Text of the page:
Synthetic man

Susan Crane’s book on Ritual, Identity and Clothing During the 100 Years War has a chapter on “Talking Garments”. In those days who people were was signified by what they wore. The inner was represented by the outer. The clothes made the man.

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Today, we are beyond such sartorial nonsense. Who we are is represented by electronic entries on databases, card-sized pieces of plastic and of course, biometrics. Which makes the Strategy Page’s article “Fake Fingerprints for Sale” interesting.

January 11, 2009: Japan has admitted that its new biometric immigration control system has been breached. The first known incident occurred eight months ago, when a South Korean women, who had been deported in 2007 for overstaying her visa, slipped back in. She has been barred from returning for five years. She successfully got past the fingerprint system by purchasing a forged passport in South Korea, and getting with it a clear tape to put over her finger. The tape contained a fingerprint of someone who was not in the Japanese database. The tape worked, just as it has been shown working on TV shows and movies for years. The woman was later picked up inside Japan, and police figured out how she had evaded the emigration controls.

Chris Hoofnagle, writing in the Harvard Journal of Law and Technology in 2007 asserted that while most everyone agreed that identity theft was on the rise nobody quite knew how extensive it was.

There is widespread agreement that identity theft causes financial damage to consumers, creditors, retail establishments, and the economy as a whole. The Federal Trade Commission (“FTC”) has identified it as the fastest growing white collar crime; federal and state governments have enacted numerous laws to curb its incidence and
severity.

The contours of the identity theft problem, however, are known unknowns: no one knows the prevalence of identity theft, the relative rates of “new account fraud” and “account takeover,” or the effect this crime has on the economy.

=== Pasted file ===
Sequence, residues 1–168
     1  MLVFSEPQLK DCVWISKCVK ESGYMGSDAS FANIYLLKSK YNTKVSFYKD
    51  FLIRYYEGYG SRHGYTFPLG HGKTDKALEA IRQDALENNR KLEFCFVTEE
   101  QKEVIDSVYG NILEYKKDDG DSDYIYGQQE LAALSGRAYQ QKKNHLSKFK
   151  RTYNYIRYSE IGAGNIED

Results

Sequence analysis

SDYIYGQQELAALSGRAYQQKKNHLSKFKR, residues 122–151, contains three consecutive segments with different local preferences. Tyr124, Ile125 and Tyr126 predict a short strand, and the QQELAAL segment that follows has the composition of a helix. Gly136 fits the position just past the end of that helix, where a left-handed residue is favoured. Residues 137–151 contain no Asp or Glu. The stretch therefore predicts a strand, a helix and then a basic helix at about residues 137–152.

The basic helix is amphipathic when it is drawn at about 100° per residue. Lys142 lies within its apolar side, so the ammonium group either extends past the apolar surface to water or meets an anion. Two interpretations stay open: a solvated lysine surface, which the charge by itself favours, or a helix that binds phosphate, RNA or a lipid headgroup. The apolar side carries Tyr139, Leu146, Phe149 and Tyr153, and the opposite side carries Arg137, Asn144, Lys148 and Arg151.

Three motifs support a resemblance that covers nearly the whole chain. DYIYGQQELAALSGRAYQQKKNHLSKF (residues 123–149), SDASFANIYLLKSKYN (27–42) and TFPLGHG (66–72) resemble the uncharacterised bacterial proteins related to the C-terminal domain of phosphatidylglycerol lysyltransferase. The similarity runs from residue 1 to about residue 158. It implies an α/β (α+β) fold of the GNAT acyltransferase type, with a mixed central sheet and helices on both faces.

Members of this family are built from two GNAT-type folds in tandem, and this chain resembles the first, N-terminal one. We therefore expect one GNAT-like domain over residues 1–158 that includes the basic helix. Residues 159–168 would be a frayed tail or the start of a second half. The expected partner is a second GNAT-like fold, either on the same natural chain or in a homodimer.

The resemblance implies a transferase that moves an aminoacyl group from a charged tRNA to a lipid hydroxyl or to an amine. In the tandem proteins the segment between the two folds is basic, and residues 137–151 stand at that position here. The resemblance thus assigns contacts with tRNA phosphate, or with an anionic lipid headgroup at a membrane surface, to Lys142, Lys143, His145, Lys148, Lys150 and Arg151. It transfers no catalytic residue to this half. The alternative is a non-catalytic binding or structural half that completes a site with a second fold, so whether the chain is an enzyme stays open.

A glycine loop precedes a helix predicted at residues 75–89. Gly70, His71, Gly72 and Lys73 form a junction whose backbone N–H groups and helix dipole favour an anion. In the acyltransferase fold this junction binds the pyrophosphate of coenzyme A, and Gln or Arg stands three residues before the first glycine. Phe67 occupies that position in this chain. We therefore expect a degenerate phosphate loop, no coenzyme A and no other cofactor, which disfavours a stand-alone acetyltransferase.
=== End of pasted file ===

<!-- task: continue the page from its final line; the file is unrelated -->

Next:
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In the modern world nearly all great crimes are information crimes. Nearly everything of consequence in this world — authority, wealth, even identity — has been put in one to one correspondence with pieces of information. You don’t need the physical thing in itself; just the handle, just the token. Bernard Madoff, in pulling off the single greatest reported financial crime in history, didn’t cart single physical object from Point A to Point B. He just manipulated information. Hamas should have our sympathy because the newspapers say so. Global Warming is inevitable because everyone knows it is. Information is almost reality.

The sheer power of information is illustrated by the crime called synthetic identity theft, a curious term because the identities in question is stolen from no one. They are manufactured out of whole cloth. Computers and networks have given deceiving people a cheap way of playing God. New people, insofar as information systems are concerned, can be brought into this world. They may be men who never were, but they buy things, sell stuff, write letters, even offer marriage or promise to deposit vast sums in your bank acccount and often no one is the wiser.

A variation of identity theft which has recently become more common is synthetic identity theft, in which identities are completely or partially fabricated. The most common technique is combining a real social security number with a name and birthdate other than the ones associated with the number. Synthetic identity theft is more difficult to track, as it doesn’t show on either person’s credit report directly, but may appear as an entirely new file in the credit bureau or as a subfile on one of the victim’s credit reports. Synthetic identity theft primarily harms the creditors that unwittingly grant the fraudsters credit. Consumers can be affected if their names become confused with the synthetic identities, or if negative information in their subfiles impacts their credit.

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In an impersonal, mobile and multicultural society, a person who loses the entire documentation of his life without the wherewithal to reconstruct it can be in trouble: imagine a natural born American recluse with mental problems: who is he? Anyone who’s lost a wallet full of credit cards and ID knows how hard it is to be temporarily without the tokens of who you are. Identity has become so important that companies have sprung up to manage your online reputation. For a modest fee they offer to expunge all derogatory references to you on the Internet. Are you skeptical? Don’t be. These online reputational management companies have impeccable online reputations. My first thoughts on reading Hoofnagle’s proposal to gather more information on information fraud was “that’s a good idea. Surely we can trust that study.”

But who are we really? All we know about about most people is what they betoken. Anyone want to buy a slightly used set of fingerprints?

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